Whether you're an executive, manager, professional, or entrepreneur, you need to think ahead. When you do it in a formal sense, it's called it planning, when you do it informally it's something like speculating.
Whether you're planning or speculating, the exercise represents just the tip of the iceberg. For the plans or scenarios to amount to something, they have to be implemented. In turn, that usually involves other people.
Which takes us to the subject of communication: How do you convert those ideas in your head into instructions or position papers or even real plans?
I recommend writing, as in the sense of spending at least a few minutes to put the ideas to paper. Several benefits come out of the writing process:
First, you'll force yourself to clarify what you're doing and what you want others to do. As long as an idea remains in our heads, it's not made accountable, so to speak. That is, we don't subject our ideas to rigorous scrutiny when they're just thoughts.
But, when we write out an idea, the strengths and weaknesses show up rather quickly; we force ourselves to look at the idea more critically. When I wrote the publishing plan for Abbott's Communication Letter, for example, the writing process uncovered many key issues.
But, writing it down assumes even greater importance when we need to communicate with others. Since most thoughts for the future are inherently complex or uncertain, a written version of your plan enables you to explain much more.
As you've probably noticed, you can't really deal with much complexity verbally, unless you're making a speech or presentation. In face-to-face communication, for example, a train of thought often gets derailed by questions or interjections by the other person.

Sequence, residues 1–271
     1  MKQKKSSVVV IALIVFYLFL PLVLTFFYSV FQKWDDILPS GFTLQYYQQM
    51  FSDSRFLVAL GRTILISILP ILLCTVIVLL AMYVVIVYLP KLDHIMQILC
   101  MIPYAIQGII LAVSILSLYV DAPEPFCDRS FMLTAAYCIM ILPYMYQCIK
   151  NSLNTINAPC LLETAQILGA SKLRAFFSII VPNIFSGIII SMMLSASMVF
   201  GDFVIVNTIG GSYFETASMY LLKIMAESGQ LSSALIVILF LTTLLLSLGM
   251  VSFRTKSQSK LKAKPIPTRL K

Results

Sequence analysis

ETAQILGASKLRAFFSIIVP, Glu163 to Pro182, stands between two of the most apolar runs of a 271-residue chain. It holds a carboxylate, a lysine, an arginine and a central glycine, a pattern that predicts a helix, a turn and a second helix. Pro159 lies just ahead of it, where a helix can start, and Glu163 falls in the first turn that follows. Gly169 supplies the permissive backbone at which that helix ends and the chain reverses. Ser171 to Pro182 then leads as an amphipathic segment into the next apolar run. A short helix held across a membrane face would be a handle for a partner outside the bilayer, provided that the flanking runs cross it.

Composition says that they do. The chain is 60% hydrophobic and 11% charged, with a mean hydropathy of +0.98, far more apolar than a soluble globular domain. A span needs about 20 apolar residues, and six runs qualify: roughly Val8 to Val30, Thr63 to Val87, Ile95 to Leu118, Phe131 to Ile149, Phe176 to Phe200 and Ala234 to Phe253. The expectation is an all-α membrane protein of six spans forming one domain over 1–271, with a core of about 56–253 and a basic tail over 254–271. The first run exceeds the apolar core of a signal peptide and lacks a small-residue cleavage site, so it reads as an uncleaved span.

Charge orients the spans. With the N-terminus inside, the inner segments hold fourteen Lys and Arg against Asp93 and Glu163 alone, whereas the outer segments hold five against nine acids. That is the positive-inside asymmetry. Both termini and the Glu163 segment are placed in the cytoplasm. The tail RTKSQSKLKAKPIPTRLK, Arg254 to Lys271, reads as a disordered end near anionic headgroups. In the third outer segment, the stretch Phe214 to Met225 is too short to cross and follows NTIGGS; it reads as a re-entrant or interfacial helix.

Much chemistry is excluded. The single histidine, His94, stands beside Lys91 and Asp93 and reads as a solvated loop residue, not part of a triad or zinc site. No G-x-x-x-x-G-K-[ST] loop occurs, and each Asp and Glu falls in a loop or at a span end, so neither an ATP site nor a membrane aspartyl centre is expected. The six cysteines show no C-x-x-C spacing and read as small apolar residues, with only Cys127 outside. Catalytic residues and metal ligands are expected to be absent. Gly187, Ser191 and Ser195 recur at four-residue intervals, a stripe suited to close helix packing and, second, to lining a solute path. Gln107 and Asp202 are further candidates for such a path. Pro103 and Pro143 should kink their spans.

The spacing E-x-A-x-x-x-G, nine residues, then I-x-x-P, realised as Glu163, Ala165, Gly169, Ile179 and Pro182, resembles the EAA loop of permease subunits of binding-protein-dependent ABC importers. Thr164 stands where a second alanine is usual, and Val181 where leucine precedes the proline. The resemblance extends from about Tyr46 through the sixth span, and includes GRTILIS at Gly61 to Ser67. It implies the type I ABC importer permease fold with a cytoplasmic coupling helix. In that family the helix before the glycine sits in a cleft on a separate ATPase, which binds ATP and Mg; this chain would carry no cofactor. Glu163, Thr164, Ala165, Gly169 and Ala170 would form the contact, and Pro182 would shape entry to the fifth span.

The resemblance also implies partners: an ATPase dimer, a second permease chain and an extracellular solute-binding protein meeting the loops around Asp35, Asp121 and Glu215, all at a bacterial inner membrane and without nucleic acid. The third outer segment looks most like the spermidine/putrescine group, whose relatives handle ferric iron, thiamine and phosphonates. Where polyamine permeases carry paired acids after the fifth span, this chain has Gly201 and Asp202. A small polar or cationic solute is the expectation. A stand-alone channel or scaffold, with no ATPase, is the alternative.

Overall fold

A written plan also communicates to others a broader scope than a verbal plan. After all, when you're writing, you can bring in the past, cover the present, and look into the future. Or, you can illustrate your points with more detail than you can in a verbal report.
So, let's subject this article to the writing test, to see if hangs together.
First, the article opened with the idea of looking or thinking ahead, and I assumed -- note, I assumed -- this thinking implied future action.
Second, you'll see the idea to take action, or to get others to take action on our behalf, we need to be clear about the 'what' and the 'why' before we start. Of course, not every action needs this kind of launch; perhaps I should have said "For important projects...."
Third, I suggested the way to get this clarity is to write it out, but in retrospect, perhaps that simply reflects my bias toward writing. Perhaps you manage well simply by thinking, and don't need to write.
Fourth, I next listed a couple of benefits that flow from writing, and looking back I see a that I had bigger projects in mind when I wrote it. Smaller projects may not warrant the writing process.
So, all in all, subjecting this article (at least the first part of it) to the writing process did have the desired effect, and I discovered a couple of assumptions that I wasn't conscious of while writing. And, if I was writing a plan, especially a plan for a big project, those would be worthwhile discoveries.
In summary, writing down your ideas not only helps you clarify your plans or goals, but also helps you communicate what you want others to do or think.
Robert F. Abbott is the author of A Manager's Guide to Newsletters: Communicating for Results, which explains how to create effective newsletters, newsletters that get the desired responses. Learn how to start a newsletter, with real-life examples, at: